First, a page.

The definition of competent is having the necessary ability, knowledge, or skill to do something successfully.
Being competent on paper and being able to perform a necessary skill or job responsibility are two different things. Before you can be competent you must be educated, trained and a competency assessment performed. You need to have the educational background or knowledge related to the skills. It is also important to remember that competencies are required not only during initial orientation but need to be assessed and documented once every three years, or more frequently as required by either local policy, standard, regulation or law. The Joint Commission featured Competency Assessment in their Quarter 4 2020 Heads Up Report. They shared the following with organizations:
Reasons why competencies frequently are cited on survey:
- Processes and procedures are unclear, incomplete, or inadequate.
- Those administering the competency do not have the educational background, experience, or knowledge to evaluate an individual on a particular skill.
- Failure to monitor and track competencies so that staff are reevaluated in the required timeframe.
- Missing or incomplete Human Resource files.
- Leadership failure to oversee the competency process.
In addition, we would add that many organizations do not have a well-defined process to determine if and when a competency assessment would be required.
With that being said, how do you avoid a potential deficiency or citation?
Review your policies and procedures
- Does your policy define the process used to determine when a competency assessment is required?
- What process is in place for competency assessment (initial and reevaluation)?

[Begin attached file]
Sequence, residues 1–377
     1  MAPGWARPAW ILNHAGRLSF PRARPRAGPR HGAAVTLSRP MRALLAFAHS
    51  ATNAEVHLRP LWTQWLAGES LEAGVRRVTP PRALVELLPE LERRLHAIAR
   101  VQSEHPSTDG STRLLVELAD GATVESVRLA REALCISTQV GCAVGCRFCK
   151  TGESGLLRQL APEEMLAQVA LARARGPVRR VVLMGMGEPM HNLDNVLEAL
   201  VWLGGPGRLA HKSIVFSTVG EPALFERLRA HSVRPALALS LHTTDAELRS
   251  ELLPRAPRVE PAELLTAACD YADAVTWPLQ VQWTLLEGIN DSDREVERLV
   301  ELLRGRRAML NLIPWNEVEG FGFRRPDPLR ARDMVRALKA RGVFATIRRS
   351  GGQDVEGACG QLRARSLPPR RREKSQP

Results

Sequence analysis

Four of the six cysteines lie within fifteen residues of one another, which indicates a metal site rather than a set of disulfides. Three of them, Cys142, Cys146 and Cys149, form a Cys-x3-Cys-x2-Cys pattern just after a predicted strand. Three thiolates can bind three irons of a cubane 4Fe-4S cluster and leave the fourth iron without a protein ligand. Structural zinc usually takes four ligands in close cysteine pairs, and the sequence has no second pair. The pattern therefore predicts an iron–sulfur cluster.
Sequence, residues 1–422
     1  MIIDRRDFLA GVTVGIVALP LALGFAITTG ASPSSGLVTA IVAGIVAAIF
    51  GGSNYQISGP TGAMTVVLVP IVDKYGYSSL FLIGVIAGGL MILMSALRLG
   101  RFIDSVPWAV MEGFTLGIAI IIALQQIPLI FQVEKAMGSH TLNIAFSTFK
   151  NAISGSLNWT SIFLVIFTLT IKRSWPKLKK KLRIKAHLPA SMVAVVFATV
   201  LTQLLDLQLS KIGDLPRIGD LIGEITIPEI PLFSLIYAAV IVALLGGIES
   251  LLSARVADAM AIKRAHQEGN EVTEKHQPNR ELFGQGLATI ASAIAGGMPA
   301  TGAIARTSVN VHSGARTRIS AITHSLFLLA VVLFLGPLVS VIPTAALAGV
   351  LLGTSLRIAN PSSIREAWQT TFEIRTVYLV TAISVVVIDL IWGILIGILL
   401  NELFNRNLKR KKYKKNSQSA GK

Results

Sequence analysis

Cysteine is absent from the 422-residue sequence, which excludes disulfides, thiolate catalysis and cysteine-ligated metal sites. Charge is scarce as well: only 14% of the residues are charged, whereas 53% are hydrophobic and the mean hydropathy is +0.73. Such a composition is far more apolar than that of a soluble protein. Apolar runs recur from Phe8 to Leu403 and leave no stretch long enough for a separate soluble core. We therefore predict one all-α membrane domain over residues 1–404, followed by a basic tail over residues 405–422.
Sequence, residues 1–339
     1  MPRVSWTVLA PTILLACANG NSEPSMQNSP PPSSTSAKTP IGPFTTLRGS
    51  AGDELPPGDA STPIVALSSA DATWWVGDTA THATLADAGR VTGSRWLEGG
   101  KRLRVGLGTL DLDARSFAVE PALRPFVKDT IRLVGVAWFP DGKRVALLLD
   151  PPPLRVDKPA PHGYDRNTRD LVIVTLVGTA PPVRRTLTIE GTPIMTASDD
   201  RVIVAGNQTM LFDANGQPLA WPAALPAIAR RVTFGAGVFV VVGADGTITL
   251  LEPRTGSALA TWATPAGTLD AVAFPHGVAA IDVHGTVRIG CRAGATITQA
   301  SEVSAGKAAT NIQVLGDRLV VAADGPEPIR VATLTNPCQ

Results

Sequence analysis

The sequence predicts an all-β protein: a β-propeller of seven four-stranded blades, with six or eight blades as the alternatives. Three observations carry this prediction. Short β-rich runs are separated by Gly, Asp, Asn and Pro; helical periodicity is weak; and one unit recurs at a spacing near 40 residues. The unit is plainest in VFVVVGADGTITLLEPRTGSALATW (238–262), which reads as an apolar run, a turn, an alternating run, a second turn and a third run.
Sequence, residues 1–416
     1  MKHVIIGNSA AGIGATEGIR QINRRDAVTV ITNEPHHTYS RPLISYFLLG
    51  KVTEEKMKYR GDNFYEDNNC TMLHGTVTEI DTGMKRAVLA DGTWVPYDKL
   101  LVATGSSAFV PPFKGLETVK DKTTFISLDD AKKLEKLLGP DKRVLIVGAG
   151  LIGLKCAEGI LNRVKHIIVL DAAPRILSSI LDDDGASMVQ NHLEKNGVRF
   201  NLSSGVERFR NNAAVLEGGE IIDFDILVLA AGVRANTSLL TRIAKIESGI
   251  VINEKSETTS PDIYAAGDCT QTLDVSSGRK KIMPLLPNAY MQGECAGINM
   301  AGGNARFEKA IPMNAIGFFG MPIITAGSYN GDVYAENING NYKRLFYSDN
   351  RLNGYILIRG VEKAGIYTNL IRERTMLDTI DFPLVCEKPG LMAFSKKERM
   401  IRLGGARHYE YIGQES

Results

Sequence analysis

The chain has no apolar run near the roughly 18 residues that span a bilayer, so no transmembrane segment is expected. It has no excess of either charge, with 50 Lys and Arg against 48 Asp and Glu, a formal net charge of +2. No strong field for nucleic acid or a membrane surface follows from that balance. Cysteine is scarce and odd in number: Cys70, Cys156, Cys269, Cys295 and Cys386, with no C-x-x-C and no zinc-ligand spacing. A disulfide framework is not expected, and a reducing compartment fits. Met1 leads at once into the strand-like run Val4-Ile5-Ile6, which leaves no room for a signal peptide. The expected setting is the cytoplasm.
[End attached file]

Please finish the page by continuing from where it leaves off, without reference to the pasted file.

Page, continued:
- What are the competency documentation requirements?
- Are timeframes for initial and reassessment of competencies spelled out?
- Does the competency meet the regulation or standard?
- Are competencies performed on contracted staff?
- Who is administering the competencies? Do they have the education and knowledge?
- Is education/training regarding competency assessments provided to all staff who conduct competency assessments?
Interview your staff
- Do staff understand what the process is for an initial competency assessment? How does this differ from the reassessment process?
- How do staff demonstrate the knowledge, skills, and abilities to conduct competency assessments?
- Do leaders provide appropriate oversight and ensure that competency assessments are completed when due?
- Are staff aware of the competencies that they must demonstrate and must maintain for assigned job responsibilities?
Assess your environment
- Ensure that competencies are thoroughly assessed and completed.
- Review your competency forms annually to be certain they are current and relevant. Ensure that forms are collected and capture necessary information (names of staff members, date of completion, name of evaluator, etc.).
- Ensure that designated leaders review and verify competency requirements specific to each role under their supervision.
- Ensure that staff are assigned to specific tasks based upon the competency assessment results.
- Review files and make sure that required competencies are completed and are within the required timeframes.
In summary, competencies are the responsibility of all healthcare organizations to ensure that staff are competent and can perform the skills and job responsibilities to provide safe and high quality care to their patients. So, can you prove it?
Heads Up publication from Joint Commission 4Q2020.
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